…it is not the law that merely because an accident happened which led to fatal consequences, it follows that the appellant was driving in a manner dangerous to the public. The prosecution needed to show something more, i.e., that the accused was driving in a manner which has shown a selfish disregard for the safety of other road users… In our judgment, the essential or core ingredients of recklessness under s. 41(1) of the Act have not been proved beyond reasonable doubt by the prosecution.
Now that Sam has been given a chance to appeal, the court will probably assess the elements of ‘reckless’ or ‘dangerous’ and objectively look into the relevant facts surrounding the fatal accident before conviction could be imposed to avoid misdirection of conviction under Section 41.
One may then ask – what about the basikal lajak cyclists, who were aged 13 to 16? Are they not considered reckless drivers?
Besides road transport offences as stipulated under Section 54 of the act, which are chargeable against those aged between 12 to 18 and beyond, the unsafe use of modified bicycles (basikal lajak) or antisocial use of a vehicle could likely be chargeable under Section 431 of the Penal Code (mischief by injury to public road, bridge or river). This states that whoever commits mischief by doing any act which renders, or which he knows to be likely to render, any public road, bridge, river, or channel, impassable or less safe for travelling or conveying property, shall be punished with imprisonment for a term which may extend to five years or with fine or with both.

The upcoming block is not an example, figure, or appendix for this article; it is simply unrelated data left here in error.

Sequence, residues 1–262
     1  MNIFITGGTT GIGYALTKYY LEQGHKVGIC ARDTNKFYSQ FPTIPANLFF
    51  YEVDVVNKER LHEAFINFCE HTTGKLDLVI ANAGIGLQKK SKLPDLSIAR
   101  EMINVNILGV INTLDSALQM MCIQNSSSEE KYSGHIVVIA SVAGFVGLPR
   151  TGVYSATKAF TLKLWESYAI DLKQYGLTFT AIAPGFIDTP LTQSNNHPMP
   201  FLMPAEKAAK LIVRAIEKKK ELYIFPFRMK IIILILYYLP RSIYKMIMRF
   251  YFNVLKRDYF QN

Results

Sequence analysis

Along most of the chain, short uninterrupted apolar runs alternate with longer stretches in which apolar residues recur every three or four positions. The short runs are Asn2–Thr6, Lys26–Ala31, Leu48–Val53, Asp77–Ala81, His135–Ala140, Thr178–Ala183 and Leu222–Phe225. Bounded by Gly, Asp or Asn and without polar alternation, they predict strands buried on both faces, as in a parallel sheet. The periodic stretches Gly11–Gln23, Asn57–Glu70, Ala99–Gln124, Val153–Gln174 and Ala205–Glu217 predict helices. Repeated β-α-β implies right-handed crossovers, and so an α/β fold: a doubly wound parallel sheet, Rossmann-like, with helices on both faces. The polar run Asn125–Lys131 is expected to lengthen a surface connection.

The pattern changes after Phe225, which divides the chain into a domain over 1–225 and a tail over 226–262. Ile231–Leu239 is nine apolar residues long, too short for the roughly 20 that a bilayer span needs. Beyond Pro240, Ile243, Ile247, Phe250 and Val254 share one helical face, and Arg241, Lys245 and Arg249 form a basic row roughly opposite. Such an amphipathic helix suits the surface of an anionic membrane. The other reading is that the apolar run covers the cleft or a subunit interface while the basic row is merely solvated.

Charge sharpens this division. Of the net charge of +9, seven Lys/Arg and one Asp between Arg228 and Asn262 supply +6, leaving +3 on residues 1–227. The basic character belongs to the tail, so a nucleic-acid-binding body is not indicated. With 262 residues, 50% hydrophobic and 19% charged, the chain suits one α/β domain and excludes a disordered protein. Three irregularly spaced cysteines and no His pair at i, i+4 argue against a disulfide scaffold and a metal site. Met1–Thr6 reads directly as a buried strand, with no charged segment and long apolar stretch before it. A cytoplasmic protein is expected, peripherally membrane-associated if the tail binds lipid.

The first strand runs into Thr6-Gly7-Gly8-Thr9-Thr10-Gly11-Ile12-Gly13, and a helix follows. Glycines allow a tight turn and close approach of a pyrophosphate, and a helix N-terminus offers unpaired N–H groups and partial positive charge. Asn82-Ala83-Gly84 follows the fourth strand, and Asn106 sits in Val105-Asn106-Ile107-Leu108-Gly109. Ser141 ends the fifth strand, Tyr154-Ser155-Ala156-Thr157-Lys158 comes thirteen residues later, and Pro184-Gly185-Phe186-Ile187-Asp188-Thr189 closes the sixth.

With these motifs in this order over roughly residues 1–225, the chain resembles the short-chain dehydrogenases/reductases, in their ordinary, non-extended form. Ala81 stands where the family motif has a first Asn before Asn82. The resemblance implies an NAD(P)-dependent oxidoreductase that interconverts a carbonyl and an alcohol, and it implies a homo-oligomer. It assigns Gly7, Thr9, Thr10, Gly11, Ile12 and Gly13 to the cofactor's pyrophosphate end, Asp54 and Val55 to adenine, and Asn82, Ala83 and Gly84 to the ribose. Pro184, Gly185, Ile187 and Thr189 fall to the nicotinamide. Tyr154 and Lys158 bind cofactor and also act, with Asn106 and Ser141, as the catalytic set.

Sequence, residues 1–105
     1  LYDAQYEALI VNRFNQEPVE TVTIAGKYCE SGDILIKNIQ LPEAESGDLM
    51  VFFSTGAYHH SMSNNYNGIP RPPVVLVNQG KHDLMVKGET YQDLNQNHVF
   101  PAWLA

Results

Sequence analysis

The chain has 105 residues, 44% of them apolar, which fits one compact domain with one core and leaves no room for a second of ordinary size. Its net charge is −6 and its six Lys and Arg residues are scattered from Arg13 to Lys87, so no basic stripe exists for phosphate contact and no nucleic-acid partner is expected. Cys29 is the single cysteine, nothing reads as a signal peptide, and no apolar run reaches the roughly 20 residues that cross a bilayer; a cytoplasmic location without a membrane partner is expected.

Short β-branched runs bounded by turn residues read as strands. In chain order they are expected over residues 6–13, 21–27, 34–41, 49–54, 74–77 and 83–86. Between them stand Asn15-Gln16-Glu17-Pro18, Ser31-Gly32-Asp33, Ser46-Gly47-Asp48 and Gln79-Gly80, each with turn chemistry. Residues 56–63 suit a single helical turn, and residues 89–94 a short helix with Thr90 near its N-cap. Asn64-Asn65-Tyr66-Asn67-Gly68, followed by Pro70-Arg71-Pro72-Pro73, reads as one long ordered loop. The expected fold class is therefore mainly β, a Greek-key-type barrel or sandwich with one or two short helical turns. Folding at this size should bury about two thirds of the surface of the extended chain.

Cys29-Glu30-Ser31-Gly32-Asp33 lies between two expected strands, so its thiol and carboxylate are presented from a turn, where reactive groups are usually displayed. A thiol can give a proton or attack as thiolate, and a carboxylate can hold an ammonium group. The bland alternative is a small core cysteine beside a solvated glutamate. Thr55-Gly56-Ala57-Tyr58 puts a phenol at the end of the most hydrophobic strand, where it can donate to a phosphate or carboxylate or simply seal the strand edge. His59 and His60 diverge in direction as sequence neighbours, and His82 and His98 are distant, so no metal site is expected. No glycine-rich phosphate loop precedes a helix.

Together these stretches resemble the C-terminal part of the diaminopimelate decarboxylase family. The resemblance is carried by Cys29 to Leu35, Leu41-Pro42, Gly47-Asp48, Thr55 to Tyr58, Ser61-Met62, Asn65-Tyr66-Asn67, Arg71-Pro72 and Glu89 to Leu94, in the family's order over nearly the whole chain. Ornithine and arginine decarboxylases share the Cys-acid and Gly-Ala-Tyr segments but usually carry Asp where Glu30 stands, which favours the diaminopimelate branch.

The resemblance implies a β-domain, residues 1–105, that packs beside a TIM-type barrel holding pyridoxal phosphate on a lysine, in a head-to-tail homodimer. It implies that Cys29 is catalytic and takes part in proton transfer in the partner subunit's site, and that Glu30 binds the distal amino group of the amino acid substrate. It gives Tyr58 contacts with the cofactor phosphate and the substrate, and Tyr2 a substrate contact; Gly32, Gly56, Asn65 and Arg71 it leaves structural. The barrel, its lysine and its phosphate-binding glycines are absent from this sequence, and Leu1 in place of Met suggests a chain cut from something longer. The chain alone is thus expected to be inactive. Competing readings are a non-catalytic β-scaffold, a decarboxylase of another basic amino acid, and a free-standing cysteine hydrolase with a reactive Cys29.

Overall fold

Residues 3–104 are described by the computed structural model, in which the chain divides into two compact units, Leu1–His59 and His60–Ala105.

However, tackling the issue of youth and children who engage in such practices needs a more holistic and nuanced approach apart from just legal punishment.
There is a strong need to develop best practices, which include education, to encourage young road users’ safety awareness on the roads.
An excellent example was in 2019, when Cleveland Police launched the UK’s first scheme to tackle youngsters’ antisocial cycling. After many complaints from the public in Middlesbrough about adolescents riding at speed through shopping centres and in built-up areas, the police introduced £30 fines and sent the youngsters on a course to teach them to ride responsibly if they were caught riding antisocially or dangerously.
This money then goes to local charity Middlesbrough Environment City to benefit the neighbourhood, and the cyclist can then attend a three-hour cycling proficiency course and get a certificate.
In the interest of public road safety, we should rigorously regulate the unsafe use of modified bicycles (basikal lajak) or the antisocial use of a vehicle (including Mat Rempits), both through laws and best practices.
Community leaders and school administrators need to work together with law enforcement agencies to educate the youngsters.
Youths should also be encouraged to take a leading role in curbing this antisocial behaviour among their peers.
Hopefully, by addressing this problem, we can prevent cases similar to Sam Ke Ting’s from arising.
Dr Sia Chin Chin is a senior lecturer at Taylor’s Law School